How to Get Things Done Without Feeling Overwhelmed

Getting Things Done

The average person has 50-150 “next action” items on their list – the next action needed to move a project forward (i.e. call this person, brainstorm ideas for a talk I’m giving, follow up with XYZ on…).

What happens when you get those 50-150 things done?

You send an email, you get an email back. You follow up with someone on something, now you have to do the next thing. It’s never-ending. That 50-150 things turns into another 50-150 things. There will always be more to do.

“It’s possible for a person to have an overwhelming number of things to do and still function productively with a clear head and a positive sense of relaxed control.”

David Allen, Getting Things Done

If you don’t believe this, stay with me. It is possible when you have a good system in place that allows you to be in control of all of those to-dos.

Two years ago, a co-worker introduced me to the book Getting Things Done by David Allen. I read it, and it was a complete game changer for me. I recommend reading the book, but here I’m going to give you just a really quick Cliff Notes version and hopefully inspiration to take the next step.

“To a great degree, the highest-performing people I know are those who have installed the best tricks in their lives.”

David Allen, Getting Things Done

This is the key. You have to create those tricks for your brain, for your routines, for your schedule. And you have to work at it. It’s going to take more than just reading the book. You have to be ready to apply what you’ve learned, to train yourself, and to practice discipline.

So, David Allen teaches that you must capture, clarify, organize, reflect, and engage.

Here is the GTD Workflow in a nutshell:

Getting Things Done Workflow

Note: I did remove one little piece just for the simplicity of this post. You can get the full image in the book.

When it comes to capturing, what are all of the ways you know what to do every day? Where are your “to-dos”? You might have a physical inbox, notebook, Post-It Notes, email, text messages, Slack, reminders on your phone, etc.

The first step is to create a system so that you are capturing all of those to-dos in one place. Personally, I use Todoist to capture all of these things, but:

“…the tool you use will not give you stress-free productivity. That is something you create by implementing the GTD method.”

David Allen, Getting Things Done

So don’t get hung up on which tool to use. Instead, focus on fully embracing that tool and training (or forcing) yourself to use it.

Once you have everything in your tool of choice, the key is then to clarify what needs to be done. What is it? Does it require action? If so, what is that next action?

Have you ever kept an email in your inbox for days (or weeks or months) because you know something needs to be done, but you don’t really know yet what needs to be done?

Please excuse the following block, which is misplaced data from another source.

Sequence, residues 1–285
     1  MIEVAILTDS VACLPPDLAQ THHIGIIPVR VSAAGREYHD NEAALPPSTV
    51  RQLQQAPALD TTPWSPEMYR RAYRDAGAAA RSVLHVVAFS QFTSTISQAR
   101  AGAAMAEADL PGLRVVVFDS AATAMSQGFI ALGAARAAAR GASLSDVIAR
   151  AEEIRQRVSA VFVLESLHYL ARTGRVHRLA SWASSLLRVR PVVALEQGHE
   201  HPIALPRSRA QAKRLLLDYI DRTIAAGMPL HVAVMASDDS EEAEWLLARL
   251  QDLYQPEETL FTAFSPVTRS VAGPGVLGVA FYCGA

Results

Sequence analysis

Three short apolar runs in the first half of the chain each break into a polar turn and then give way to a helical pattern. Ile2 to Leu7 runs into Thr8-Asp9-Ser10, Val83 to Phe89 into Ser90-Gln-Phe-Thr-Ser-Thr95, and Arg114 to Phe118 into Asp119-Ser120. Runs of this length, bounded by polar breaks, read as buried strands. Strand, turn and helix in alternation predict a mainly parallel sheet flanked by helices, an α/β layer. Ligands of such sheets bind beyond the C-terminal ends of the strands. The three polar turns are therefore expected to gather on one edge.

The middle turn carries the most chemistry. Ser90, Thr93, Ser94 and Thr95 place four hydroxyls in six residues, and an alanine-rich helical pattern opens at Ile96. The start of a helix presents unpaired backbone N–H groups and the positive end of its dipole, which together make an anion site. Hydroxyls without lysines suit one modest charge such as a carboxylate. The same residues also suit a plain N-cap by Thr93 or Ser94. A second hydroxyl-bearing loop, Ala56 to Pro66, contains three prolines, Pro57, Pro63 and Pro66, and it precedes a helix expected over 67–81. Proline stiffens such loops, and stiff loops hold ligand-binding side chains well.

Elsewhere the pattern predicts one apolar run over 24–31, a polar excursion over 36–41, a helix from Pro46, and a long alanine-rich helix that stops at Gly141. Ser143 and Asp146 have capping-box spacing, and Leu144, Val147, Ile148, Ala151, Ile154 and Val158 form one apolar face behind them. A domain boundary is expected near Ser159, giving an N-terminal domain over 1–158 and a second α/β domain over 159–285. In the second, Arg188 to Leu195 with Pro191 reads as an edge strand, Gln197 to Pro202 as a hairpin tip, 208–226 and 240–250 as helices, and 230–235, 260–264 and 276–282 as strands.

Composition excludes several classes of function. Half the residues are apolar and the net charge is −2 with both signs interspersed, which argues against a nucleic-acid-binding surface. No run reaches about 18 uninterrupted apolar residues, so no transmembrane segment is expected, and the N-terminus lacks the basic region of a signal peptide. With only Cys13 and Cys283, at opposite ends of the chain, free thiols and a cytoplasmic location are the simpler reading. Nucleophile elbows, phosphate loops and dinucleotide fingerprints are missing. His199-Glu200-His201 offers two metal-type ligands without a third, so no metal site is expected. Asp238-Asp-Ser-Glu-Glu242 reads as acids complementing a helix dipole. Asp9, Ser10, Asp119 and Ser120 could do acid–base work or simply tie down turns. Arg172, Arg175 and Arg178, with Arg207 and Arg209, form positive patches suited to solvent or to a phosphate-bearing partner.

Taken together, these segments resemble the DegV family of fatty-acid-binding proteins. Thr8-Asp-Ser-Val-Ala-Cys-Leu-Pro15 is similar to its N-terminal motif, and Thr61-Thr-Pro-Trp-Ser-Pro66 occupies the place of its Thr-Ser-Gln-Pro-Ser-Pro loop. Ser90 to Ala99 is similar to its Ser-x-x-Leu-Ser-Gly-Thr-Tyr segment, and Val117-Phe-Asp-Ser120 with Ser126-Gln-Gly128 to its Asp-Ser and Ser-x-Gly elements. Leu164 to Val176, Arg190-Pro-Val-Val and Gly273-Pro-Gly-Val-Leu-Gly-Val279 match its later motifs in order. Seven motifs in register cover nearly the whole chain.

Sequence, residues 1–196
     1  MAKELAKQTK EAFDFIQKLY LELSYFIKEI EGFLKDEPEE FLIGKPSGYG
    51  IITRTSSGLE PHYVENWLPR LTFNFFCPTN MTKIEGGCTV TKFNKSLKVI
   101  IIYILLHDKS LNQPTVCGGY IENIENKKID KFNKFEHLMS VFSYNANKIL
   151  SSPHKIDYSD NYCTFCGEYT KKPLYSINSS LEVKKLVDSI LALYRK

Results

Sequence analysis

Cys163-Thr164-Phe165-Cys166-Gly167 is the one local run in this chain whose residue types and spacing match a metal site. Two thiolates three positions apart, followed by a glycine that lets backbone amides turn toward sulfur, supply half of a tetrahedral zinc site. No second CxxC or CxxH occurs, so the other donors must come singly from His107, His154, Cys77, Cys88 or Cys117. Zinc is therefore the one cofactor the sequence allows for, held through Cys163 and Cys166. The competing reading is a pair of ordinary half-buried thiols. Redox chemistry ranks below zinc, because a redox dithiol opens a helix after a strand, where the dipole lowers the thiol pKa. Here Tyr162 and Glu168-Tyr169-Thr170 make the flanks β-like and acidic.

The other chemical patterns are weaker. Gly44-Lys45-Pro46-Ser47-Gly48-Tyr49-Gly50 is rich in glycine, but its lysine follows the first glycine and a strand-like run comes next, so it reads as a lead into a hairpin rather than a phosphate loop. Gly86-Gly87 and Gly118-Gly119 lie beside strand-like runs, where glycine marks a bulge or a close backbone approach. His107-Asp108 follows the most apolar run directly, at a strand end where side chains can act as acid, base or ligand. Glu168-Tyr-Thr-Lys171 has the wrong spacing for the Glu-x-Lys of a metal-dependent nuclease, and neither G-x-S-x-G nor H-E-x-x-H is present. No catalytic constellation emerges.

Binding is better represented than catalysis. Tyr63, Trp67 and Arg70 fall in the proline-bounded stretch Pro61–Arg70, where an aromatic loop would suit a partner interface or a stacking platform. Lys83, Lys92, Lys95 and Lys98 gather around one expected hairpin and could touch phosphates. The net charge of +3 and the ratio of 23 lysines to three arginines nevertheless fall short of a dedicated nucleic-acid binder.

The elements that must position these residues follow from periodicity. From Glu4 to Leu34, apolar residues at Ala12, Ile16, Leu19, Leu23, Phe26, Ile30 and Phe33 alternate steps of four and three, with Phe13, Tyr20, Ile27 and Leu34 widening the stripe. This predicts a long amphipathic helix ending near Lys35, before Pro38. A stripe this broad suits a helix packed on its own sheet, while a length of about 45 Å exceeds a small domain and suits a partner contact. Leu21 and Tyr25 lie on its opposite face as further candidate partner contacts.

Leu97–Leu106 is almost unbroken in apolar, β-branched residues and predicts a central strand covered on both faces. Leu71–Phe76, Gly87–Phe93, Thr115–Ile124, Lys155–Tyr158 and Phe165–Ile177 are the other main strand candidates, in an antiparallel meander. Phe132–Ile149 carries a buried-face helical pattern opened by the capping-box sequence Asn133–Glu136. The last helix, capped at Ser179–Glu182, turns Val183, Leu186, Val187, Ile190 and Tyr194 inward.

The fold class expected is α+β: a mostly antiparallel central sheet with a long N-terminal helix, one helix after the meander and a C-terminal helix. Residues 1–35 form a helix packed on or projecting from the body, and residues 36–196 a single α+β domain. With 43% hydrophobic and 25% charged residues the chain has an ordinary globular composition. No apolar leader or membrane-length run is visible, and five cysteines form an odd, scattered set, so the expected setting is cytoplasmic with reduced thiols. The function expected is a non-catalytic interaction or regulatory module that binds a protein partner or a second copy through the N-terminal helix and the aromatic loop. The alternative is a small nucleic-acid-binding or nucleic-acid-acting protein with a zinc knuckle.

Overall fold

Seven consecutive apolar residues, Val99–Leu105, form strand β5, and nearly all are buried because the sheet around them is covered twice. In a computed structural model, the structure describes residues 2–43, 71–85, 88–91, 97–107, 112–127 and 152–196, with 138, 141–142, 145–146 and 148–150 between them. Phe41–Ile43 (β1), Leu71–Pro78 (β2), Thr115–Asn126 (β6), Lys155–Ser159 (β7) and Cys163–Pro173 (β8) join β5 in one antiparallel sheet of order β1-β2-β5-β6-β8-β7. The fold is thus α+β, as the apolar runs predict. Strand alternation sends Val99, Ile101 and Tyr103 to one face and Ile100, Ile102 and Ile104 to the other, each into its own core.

Sometimes clarifying can be the hardest part. Sometimes I have to force myself to focus on an email and make a decision about what is needed. And sometimes I’m surprised that when I do focus and think for a few minutes, the answer comes to me, and it was much easier than I thought it was going to be.

Next you have to organize. If it’s not actionable, delete it, put it in your “Someday/maybe” file (I have a label in Todoist for items like this), or file it for reference. But don’t go overboard on your reference folders. If you want to file something for reference, you’re going to want to be able to find it when you need it. If it is actionable, do it (if it will take less than two minutes), delegate it, or defer it.

The last two steps are reflect and engage. I think reflect is the most important. You have to reflect on the system you created in order to determine what’s working, what’s not working, and tweak the system as you go.

It took me weeks to get my system in place and fully functional, but I created a system where I know exactly what I need to get done every day. Rarely does anything get lost in the shuffle because the system is set up so that all of my to-dos are captured and accessible to me when they need to be.

If you want to get to the place where you feel in control of all of your to-dos:

  1. Read the book.
  2. Take the time to create and implement your system. Fine tune it.
  3. Do the Guided Mind Sweep on a regular basis:

I do this every other month or so and every time I do it I end up with another 25 things to add to my list. All of those things had been rolling around in my head and I didn’t even realize it.

If you do these things, I guarantee you feel more on top of your workload. You’ll feel a sense of control. And you will sleep better at night!

Published by Kelly Schuknecht

Kelly Schuknecht is a marketing director with a background in the publishing industry and a passion for all things related to books. She blogs about book marketing because she loves helping authors navigate the world of social media to discover new ways to promote and sell their books. If you're looking for something good to read, you can find Kelly's top picks here: www.kellyschuknecht.com/book-faves.

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